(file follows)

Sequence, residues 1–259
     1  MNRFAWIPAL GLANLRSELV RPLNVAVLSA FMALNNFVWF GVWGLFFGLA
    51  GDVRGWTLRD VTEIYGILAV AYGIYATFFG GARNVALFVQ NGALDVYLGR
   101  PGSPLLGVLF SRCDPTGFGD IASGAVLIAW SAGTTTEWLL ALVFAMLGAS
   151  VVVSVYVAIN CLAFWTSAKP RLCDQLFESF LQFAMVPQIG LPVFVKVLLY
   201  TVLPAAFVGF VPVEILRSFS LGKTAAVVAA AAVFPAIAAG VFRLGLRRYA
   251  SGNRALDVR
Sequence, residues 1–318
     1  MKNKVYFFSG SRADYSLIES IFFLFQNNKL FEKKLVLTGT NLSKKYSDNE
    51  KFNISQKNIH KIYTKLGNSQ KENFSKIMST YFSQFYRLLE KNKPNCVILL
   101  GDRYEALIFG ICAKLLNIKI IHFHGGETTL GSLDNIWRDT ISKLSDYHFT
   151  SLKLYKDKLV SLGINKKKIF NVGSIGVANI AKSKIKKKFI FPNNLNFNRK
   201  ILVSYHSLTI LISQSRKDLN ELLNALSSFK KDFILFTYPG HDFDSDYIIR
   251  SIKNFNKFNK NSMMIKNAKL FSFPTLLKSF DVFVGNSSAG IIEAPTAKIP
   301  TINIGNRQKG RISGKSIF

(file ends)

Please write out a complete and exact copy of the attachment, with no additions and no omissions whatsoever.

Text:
Sequence, residues 1–259
     1  MNRFAWIPAL GLANLRSELV RPLNVAVLSA FMALNNFVWF GVWGLFFGLA
    51  GDVRGWTLRD VTEIYGILAV AYGIYATFFG GARNVALFVQ NGALDVYLGR
   101  PGSPLLGVLF SRCDPTGFGD IASGAVLIAW SAGTTTEWLL ALVFAMLGAS
   151  VVVSVYVAIN CLAFWTSAKP RLCDQLFESF LQFAMVPQIG LPVFVKVLLY
   201  TVLPAAFVGF VPVEILRSFS LGKTAAVVAA AAVFPAIAAG VFRLGLRRYA
   251  SGNRALDVR
Sequence, residues 1–318
     1  MKNKVYFFSG SRADYSLIES IFFLFQNNKL FEKKLVLTGT NLSKKYSDNE
    51  KFNISQKNIH KIYTKLGNSQ KENFSKIMST YFSQFYRLLE KNKPNCVILL
   101  GDRYEALIFG ICAKLLNIKI IHFHGGETTL GSLDNIWRDT ISKLSDYHFT
   151  SLKLYKDKLV SLGINKKKIF NVGSIGVANI AKSKIKKKFI FPNNLNFNRK
   201  ILVSYHSLTI LISQSRKDLN ELLNALSSFK KDFILFTYPG HDFDSDYIIR
   251  SIKNFNKFNK NSMMIKNAKL FSFPTLLKSF DVFVGNSSAG IIEAPTAKIP
   301  TINIGNRQKG RISGKSIF